If you read my post on page load times, you may already be privy to the understanding that there are a myriad of factors that can negatively affect the experience of your users. With eCommerce websites these minor idiosyncracies and headaches can pile up quickly, and given how notriously fickle web users are, this can invariably affect the bottom-line by driving them (and their dollars) away from your site.
For a number of companies, online shopping carts have "quick buck" appeal because they represent the ability to sell products to a wide-audience with minimal overhead and support. But this simplistic understanding is what kills many small eComm sites and hinders much larger operations. The fact of the matter is that good, successful eCommerce sites are more than databases filled with products; they're service-oriented experiences that are designed from the ground-up to minimize frustration, remove needless steps, and maximize consumer visibility.
So what does this all mean? A lot, actually. Conservative estimates claim that the average cart abandonment rate hovers somewhere around 59.8%. That 59.8% figure represents users who have added something to a cart, dropped out of a site and never came back. Having a cart abandonment rate sit at that level across a 11,000-site sample speaks to a larger systemic problem in the way eComm sites have been handeled up to this point; poor design choices, poor management, poor direction.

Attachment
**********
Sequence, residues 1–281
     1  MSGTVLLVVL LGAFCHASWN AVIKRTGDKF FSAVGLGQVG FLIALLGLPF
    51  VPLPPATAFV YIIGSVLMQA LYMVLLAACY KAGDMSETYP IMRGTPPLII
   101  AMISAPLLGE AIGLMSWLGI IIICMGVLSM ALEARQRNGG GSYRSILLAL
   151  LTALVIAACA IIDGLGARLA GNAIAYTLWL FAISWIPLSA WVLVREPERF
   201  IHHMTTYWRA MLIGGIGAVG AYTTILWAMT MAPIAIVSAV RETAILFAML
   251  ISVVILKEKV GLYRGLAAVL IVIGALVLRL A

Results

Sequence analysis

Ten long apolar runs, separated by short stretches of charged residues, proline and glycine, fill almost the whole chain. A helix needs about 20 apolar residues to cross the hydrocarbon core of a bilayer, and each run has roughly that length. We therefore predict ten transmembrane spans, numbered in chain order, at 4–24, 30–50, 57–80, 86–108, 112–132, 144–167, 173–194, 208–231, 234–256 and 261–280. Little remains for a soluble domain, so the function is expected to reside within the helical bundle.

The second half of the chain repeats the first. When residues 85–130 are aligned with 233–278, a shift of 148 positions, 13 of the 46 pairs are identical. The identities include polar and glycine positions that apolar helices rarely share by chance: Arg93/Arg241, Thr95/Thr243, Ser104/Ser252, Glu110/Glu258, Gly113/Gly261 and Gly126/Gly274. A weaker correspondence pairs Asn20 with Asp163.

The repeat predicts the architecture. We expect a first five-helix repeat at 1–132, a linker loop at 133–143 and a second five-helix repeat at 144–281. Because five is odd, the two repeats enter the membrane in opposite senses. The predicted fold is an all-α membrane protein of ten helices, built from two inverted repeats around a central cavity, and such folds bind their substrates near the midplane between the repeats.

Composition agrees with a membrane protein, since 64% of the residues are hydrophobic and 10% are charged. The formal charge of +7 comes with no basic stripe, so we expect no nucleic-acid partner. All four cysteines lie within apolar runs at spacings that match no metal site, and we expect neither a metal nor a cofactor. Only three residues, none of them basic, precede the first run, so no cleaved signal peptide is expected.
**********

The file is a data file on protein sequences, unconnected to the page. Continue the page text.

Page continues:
Below are some of high-level issues to be mindful of when thinking about your online store.
Problem #1: Minimize Frustration
Good carts don't anger consumers or try their patience. While many would see this as a "no, duh" insight, it's not the prinicple itself that people have a hard time understanding; it's the execution.
One of the most common examples of poor execution is the boiler-plate checkout process. For users it's long, arduous, and loaded with potential pitfalls. Worst of all, users who get frustrated during the checkout process are users who have already decided that they want to give you their money. When you have people who are ready and willing to throw their money at you, making their lives difficult is the last thing you want to do.
So how do eComm sites get it wrong? If the shortest distance between any two points is a straight line, then most checkout processes are winding, branching roads. Between pushing users down a different path by forcing them to register an account to making them navigate through page-after-page-after-page of forms, standard checkout processes do a horrible job of providing clarity and keeping the customer motivated.
The ideal checkout process requires no more than two pages; one page being devoted to information gathering and user assessment, and the second page acting as a speedbump for confirmation purposes.
|In the left column are all of the cart items, |
in the right column is the checkout form.
Now was that so hard?